At the beginning of this year, the European Commission launched its European Citizens’ Initiative (ECI) which allows groups to collect support from at least 1 million citizens across a quarter of the EU’s member states to propose new laws. Despite its initial failings, Maja Troedsson argues that the European Commission’s provision of an online system for the collection of signatures and statements of support for initiatives shows that the Commission is serious about the ECI and its potential to redress the EU’s democratic deficit.

The creation of the European Citizens’ Initiative (ECI) marks an unprecedented attempt to involve citizens of the European Union in the affairs of the European Union, by providing a mechanism to influence future legislation. The ECI is open to all citizens, although for an initiative to be successful, it must meet certain criteria, like the collection of one million signatures from across seven different member states. As such, the ECI has the potential to be a powerful tool in bridging the gap between the political elite and its constituents.

Potential aside, until the Commission decided to provide an online collecting system, that would allow those sponsoring specific initiatives to collect and securely store statements of support online, this tool seemed to have been rendered insufficient before it was even properly tested. Previously, the initiatives registered on May 9th this year were informed that they would have to finance their own online collecting systems, which would have put a more than palpable strain on the (mostly small) budgets of those involved. As this would have risked limiting the availability of the ECI only to those with substantial, ready – or corporate – backing, it would also have limited the basic idea of a channel of influence for the citizens. If so, then the gap between citizens and politicians would risk being widened rather than narrowed, fuelling accusations of distant, and elite governance.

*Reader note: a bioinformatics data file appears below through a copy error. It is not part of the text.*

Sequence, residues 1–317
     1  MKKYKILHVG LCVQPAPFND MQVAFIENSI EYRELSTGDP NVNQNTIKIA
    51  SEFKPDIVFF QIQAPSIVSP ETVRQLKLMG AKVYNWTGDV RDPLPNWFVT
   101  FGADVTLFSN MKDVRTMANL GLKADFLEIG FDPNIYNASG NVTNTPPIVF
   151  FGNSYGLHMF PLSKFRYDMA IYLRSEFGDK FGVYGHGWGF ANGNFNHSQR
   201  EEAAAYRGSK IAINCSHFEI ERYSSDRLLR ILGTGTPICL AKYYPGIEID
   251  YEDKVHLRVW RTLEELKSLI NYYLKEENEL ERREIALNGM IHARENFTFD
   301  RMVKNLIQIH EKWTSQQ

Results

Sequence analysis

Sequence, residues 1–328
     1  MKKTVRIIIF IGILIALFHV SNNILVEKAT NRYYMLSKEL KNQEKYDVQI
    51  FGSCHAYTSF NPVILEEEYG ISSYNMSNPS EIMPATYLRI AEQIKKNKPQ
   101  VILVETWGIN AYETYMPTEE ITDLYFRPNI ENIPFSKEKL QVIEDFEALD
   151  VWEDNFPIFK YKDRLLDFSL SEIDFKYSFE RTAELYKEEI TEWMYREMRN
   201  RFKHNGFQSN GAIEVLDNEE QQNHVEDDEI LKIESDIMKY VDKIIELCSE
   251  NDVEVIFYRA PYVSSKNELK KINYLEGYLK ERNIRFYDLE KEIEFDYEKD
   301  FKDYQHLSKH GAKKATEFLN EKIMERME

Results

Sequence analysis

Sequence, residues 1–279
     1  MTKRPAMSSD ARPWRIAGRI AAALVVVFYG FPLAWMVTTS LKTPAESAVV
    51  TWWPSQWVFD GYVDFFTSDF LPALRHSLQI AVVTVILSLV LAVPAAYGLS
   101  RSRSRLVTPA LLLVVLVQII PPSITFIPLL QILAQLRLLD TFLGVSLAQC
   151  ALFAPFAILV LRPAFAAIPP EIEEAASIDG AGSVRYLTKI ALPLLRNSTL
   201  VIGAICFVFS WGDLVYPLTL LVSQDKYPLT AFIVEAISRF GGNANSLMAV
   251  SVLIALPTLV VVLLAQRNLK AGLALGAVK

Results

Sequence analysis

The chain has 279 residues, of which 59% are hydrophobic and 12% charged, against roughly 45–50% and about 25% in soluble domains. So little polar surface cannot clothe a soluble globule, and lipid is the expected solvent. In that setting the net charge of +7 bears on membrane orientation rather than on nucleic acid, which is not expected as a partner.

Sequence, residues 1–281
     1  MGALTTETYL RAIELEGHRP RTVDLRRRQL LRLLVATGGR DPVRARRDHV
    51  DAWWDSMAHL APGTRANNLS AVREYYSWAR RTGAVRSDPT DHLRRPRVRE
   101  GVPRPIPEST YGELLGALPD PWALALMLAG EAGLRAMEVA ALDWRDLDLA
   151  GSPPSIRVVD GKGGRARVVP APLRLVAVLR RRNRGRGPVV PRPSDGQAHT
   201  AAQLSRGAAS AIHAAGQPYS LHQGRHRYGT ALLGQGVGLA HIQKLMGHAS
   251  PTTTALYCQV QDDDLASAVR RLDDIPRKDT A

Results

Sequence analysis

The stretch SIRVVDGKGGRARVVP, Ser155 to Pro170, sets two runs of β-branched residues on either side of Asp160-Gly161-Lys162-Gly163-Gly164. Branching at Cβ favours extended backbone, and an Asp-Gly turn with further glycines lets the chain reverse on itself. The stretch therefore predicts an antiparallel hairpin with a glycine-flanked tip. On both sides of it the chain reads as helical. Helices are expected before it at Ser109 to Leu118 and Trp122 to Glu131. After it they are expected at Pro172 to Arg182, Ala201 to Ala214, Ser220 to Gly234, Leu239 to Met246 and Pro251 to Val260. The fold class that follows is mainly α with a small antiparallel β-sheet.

For years, a recurring point of academic contestation has been the existence – or not – of a democratic deficit within the European Union. Arguments often arise from the EU as a unique organisation in its own right, legitimised by performance rather than by its democratic responsibilities, to the European Union as an elite organisation that fails to engage its very foundation, the citizens, in debates over leadership and policy. While the democratic deficit is not my focus, it can be argued that the significance and potential of the ECI is contingent upon a notion of citizen participation and democratic involvement as fundamental matters in sustaining the European Union. Whether one is a subscriber to theories of the democratic deficit or not, indications from surveys such as Eurobarometer are that although many citizens remain positive with regards to the European Union on the whole, levels of trust in its institutions have been slipping.